Homepage Header with CSS Modifications

I don’t like to make things easy for myself, and so simply replacing the content of the header really wasn’t enough for me. What I really wanted to do was replace the header with a blank space with just a login button on the top right. I wanted to use the existing login control which meant I couldn’t just go into layout.ejs (more on this in a bit) and remove the header, I needed to change the styles of the header, remove all the things I didn’t want in the header, and change the style of the LOGIN control to a button, and make sure all this only happened on the homepage. This is actually quite a bit easier than you might think.

The basic process includes:

  1. Changing style means adding some new classes to our custom.less file that override specific style instructions and then applying these classes only when we are on a particular page.

    For example to override the header background and border we add this to custom.less:

    .soa-ui-cm-header-container-welcome {
    	background: none;
    	border-bottom: none;
    }
    

    Which contains instructions from:

    .soa-ui-cm-header-container {
      		background: #f8f8f8;
      		border-bottom: 1px solid #d2d2d2;
    }
    

    Because these styles are in custom.less they will appear towards the very bottom of the generated styles and so will if applied to an element will override the default styles.

    To apply these new styles selectively on the welcome page I can embed <%= can.route.attr("page") === "welcome" ? "soa-ui-cm-header-container-welcome": "" %> in my class definintions for the appropriate elements.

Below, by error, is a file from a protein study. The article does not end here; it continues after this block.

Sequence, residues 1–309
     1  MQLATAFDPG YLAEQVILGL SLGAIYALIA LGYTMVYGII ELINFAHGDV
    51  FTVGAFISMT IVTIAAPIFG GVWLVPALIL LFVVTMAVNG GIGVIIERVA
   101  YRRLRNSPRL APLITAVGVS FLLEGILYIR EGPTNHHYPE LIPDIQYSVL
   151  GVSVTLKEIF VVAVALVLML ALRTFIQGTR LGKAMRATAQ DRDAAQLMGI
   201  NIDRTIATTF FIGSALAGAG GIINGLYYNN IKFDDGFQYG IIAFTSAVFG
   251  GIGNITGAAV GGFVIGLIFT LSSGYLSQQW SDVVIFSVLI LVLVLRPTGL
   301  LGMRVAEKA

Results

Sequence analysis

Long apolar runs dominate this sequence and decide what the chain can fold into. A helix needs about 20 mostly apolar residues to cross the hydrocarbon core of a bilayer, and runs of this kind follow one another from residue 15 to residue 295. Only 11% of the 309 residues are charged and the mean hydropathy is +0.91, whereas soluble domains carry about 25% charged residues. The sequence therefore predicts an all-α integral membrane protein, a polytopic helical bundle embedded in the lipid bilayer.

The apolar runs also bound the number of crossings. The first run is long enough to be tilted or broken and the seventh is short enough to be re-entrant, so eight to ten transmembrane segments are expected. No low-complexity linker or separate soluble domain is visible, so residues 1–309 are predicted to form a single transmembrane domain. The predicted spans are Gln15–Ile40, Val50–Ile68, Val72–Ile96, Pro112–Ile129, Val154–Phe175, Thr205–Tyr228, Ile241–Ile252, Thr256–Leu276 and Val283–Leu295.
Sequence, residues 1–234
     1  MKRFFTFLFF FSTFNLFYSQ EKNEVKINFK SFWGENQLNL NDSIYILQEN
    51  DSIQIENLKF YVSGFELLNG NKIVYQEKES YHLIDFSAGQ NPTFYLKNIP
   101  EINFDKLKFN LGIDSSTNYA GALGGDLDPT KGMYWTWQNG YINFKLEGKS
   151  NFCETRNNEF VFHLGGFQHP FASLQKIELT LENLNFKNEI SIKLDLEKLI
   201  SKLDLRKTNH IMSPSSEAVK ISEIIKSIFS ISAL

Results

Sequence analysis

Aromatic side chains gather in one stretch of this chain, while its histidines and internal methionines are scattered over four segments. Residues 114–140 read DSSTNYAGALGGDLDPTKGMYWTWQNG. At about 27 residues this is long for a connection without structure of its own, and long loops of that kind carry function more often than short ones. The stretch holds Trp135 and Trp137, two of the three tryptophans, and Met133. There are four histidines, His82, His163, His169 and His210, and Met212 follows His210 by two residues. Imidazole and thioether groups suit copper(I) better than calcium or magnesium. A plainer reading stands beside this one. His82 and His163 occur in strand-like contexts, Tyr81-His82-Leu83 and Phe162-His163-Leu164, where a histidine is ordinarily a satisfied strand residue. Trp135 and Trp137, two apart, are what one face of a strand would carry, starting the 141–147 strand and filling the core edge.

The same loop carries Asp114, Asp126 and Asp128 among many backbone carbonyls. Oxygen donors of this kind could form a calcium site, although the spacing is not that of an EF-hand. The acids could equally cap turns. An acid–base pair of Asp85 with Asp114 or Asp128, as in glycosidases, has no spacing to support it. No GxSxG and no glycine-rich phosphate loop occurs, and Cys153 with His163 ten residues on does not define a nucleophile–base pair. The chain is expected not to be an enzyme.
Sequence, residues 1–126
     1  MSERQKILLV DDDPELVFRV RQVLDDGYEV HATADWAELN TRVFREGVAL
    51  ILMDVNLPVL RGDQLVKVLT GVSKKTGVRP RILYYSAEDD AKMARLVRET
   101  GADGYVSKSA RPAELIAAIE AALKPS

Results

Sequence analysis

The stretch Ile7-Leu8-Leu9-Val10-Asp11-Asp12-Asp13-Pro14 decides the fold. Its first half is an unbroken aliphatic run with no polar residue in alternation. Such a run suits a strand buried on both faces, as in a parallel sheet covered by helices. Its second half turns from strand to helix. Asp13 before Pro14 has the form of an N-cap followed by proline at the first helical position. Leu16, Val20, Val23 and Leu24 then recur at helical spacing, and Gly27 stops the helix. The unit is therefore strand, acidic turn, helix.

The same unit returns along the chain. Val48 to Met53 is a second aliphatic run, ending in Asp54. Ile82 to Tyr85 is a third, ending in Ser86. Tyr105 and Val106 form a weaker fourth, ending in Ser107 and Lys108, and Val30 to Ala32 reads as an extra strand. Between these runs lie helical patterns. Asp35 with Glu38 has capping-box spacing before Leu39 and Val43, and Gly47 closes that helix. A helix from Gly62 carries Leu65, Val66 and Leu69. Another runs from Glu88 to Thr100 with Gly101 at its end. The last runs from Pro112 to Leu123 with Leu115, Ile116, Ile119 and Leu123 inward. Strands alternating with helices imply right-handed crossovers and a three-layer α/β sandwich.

2. The header.ejs file doesn’t include it’s own outer wrapping definition, so to change the style of the full width header we actually need to change a style definition in the master layout view (layout.ejs).

    In my case I only want these styles to apply when I’m on the welcome page, so I’m going to use the above class override so that my final layout.ejs ends up looking like this:

    	
     <header id="soa-control-cm-header-container" aria-live="polite" role="banner" class=" <%= can.route.attr("page") === "welcome" ? "soa-ui-cm-header-container-welcome": "" %>soa-ui-cm-header-container" <%= soa.framework.control("SOA.Dev.Header", this) %> >
     </header>
     <% if(SOA.Framework.Common.PageContext.getInstance().attr("pageLoading")){ %>
         <div class="soa-ui-cm-loading-overlay">
             <p class="soa-ui-cm-loading-icon">
                 <%= soa.framework.globalize("messages.loading") %>
        		</p>
         </div>
     <% } %>
     <div id="soa-control-cm-page-container" class="soa-ui-cm-page-container" aria-live="assertive">
         <!-- page content goes here -->
     </div>
     <footer id="soa-control-cm-footer-container" class="soa-ui-cm-footer-container" role="contentinfo" <%= soa.framework.control("SOA.Dev.Footer", this) %> >
     </footer>
     <div id="soa-control-cm-notifications-container" class="soa-ui-cm-notifications-container container" <%= soa.framework.control("SOA.Framework.Common.Notifier", this) %> >
     </div>
    	
    
  3. Removing all the menus from the header, except for the usertools (the login link or profile dropdown is matter of tweaking the header.ejs a little. I’m going to use the same <% if(can.route.attr("page") !== "welcome"){%>....<% }%> construct I use in layout, but this time I’m not using an inline form because I’m using it to change more significant pieces of the html structure. There are 3 occurances of this in this file; one that takes out the logo, one that takes out the nav links, and one that removes the search bar. I also have an inline instance that overrides the styles of the whole navbar, this adds the following css override which is defined in custom.less: